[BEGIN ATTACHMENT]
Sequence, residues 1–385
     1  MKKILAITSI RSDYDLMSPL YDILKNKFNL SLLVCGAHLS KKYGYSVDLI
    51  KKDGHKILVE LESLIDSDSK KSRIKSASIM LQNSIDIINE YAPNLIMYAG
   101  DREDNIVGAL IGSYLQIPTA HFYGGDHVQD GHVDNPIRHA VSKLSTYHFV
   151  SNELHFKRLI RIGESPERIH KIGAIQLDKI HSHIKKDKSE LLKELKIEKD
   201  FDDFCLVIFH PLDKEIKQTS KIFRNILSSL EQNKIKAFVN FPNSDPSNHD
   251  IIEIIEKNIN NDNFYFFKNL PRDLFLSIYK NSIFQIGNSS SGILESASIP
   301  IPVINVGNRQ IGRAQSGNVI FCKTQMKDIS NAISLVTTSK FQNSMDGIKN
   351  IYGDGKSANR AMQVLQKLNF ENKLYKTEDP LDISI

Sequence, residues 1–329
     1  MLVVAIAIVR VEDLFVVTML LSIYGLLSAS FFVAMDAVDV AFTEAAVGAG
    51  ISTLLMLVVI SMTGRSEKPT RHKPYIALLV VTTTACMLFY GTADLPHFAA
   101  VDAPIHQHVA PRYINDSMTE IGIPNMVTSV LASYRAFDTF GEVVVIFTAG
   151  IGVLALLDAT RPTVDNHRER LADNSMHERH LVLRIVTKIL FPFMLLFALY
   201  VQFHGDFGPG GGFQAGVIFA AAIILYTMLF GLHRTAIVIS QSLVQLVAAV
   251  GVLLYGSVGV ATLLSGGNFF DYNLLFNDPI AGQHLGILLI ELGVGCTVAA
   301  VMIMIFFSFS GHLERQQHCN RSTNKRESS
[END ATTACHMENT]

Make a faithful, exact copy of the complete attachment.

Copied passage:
Sequence, residues 1–385
     1  MKKILAITSI RSDYDLMSPL YDILKNKFNL SLLVCGAHLS KKYGYSVDLI
    51  KKDGHKILVE LESLIDSDSK KSRIKSASIM LQNSIDIINE YAPNLIMYAG
   101  DREDNIVGAL IGSYLQIPTA HFYGGDHVQD GHVDNPIRHA VSKLSTYHFV
   151  SNELHFKRLI RIGESPERIH KIGAIQLDKI HSHIKKDKSE LLKELKIEKD
   201  FDDFCLVIFH PLDKEIKQTS KIFRNILSSL EQNKIKAFVN FPNSDPSNHD
   251  IIEIIEKNIN NDNFYFFKNL PRDLFLSIYK NSIFQIGNSS SGILESASIP
   301  IPVINVGNRQ IGRAQSGNVI FCKTQMKDIS NAISLVTTSK FQNSMDGIKN
   351  IYGDGKSANR AMQVLQKLNF ENKLYKTEDP LDISI

Sequence, residues 1–329
     1  MLVVAIAIVR VEDLFVVTML LSIYGLLSAS FFVAMDAVDV AFTEAAVGAG
    51  ISTLLMLVVI SMTGRSEKPT RHKPYIALLV VTTTACMLFY GTADLPHFAA
   101  VDAPIHQHVA PRYINDSMTE IGIPNMVTSV LASYRAFDTF GEVVVIFTAG
   151  IGVLALLDAT RPTVDNHRER LADNSMHERH LVLRIVTKIL FPFMLLFALY
   201  VQFHGDFGPG GGFQAGVIFA AAIILYTMLF GLHRTAIVIS QSLVQLVAAV
   251  GVLLYGSVGV ATLLSGGNFF DYNLLFNDPI AGQHLGILLI ELGVGCTVAA
   301  VMIMIFFSFS GHLERQQHCN RSTNKRESS